“[D]emographic shifts to the west and south in 1924 and 1925 initiated a new phase in the expansion of Tokyo’s transporation and marked a second growth spurt for its suburbs… [L]arge terminals were constructed to accommodate the increased vehicular and passenger traffic. The most important was Shinjuku Station. Located west of the political and financial center of the city, Shinjuku Station became Tokyo’s most-used terminal beginning in 1925.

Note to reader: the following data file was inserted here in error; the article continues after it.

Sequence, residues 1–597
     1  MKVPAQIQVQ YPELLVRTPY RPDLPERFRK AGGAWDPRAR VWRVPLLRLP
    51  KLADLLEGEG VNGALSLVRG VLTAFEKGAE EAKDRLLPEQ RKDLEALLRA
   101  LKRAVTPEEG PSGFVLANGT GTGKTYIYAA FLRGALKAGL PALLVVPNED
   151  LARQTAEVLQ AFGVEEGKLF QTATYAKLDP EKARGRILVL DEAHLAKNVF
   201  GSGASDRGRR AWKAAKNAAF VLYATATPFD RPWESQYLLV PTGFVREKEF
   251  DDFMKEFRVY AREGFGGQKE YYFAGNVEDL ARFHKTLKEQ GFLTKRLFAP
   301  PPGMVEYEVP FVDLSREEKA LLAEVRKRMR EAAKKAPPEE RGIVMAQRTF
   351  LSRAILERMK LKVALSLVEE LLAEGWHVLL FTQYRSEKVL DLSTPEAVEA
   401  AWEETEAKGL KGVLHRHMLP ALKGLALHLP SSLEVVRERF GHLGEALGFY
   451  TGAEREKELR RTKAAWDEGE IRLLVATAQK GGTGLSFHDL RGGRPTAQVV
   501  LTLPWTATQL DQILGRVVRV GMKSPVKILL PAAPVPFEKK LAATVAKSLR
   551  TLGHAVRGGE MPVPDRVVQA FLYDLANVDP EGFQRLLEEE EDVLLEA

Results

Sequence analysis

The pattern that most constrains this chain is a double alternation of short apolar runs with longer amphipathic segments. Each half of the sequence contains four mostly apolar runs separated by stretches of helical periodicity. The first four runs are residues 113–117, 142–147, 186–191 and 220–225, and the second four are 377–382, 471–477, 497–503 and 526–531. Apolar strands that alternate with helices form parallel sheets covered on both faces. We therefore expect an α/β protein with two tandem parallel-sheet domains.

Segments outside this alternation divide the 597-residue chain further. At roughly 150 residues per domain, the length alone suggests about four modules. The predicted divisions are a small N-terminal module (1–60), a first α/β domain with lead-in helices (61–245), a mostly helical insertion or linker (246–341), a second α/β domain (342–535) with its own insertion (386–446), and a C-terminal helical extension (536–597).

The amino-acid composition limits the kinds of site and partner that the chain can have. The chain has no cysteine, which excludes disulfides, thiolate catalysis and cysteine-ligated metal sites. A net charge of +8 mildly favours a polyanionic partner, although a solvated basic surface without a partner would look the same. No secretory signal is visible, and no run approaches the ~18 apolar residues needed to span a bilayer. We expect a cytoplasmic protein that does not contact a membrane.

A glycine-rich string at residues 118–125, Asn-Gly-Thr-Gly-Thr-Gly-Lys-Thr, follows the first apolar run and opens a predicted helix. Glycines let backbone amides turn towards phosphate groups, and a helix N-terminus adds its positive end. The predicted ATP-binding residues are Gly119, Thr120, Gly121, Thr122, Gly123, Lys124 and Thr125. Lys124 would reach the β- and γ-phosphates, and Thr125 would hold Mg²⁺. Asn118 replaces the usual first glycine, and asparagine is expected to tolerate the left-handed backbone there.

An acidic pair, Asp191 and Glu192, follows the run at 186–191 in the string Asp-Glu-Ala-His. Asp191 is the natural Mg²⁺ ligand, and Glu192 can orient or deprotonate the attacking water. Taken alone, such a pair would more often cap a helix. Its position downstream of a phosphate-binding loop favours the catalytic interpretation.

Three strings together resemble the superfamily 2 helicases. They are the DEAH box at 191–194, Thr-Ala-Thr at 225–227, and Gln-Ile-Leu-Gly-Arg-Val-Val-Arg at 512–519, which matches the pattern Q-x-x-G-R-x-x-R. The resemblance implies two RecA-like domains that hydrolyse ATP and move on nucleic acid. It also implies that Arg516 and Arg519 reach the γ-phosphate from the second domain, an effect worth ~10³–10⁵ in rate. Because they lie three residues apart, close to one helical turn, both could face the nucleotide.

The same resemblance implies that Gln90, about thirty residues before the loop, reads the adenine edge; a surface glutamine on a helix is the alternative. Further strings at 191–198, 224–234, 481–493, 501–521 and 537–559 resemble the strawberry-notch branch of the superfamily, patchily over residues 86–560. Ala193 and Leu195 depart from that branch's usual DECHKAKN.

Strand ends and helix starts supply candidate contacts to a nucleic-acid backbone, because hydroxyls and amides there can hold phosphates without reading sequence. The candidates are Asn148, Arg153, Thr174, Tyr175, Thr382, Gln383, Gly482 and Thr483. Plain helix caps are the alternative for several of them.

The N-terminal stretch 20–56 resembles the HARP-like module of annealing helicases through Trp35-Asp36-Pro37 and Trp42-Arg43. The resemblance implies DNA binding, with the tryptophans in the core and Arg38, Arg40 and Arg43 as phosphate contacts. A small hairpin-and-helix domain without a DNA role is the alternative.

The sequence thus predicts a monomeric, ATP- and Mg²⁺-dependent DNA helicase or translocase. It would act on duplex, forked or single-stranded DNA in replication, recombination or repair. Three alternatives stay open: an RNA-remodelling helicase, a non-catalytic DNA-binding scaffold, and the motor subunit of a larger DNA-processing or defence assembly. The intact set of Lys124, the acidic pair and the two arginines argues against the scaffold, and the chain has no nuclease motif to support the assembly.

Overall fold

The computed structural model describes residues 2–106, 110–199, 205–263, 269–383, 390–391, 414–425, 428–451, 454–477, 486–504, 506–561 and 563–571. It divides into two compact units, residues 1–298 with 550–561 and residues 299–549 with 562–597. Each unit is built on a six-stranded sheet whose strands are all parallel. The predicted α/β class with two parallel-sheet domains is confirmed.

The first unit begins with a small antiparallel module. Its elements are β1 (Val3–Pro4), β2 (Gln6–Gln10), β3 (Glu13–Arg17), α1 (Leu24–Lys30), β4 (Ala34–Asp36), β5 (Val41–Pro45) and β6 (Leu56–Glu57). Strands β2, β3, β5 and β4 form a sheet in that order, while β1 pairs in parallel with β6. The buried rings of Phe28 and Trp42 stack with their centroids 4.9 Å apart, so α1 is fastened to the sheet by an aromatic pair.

“… Shinjuku was the vortex of ‘modern life,’ where newness and normality, mediocrity and excitement converged and encircled the station. Shinjuku continues to play this role today. The station is the busiest [rail terminal] in the world.”
— Tokyo in Transit, Alisa Freedman, 2010.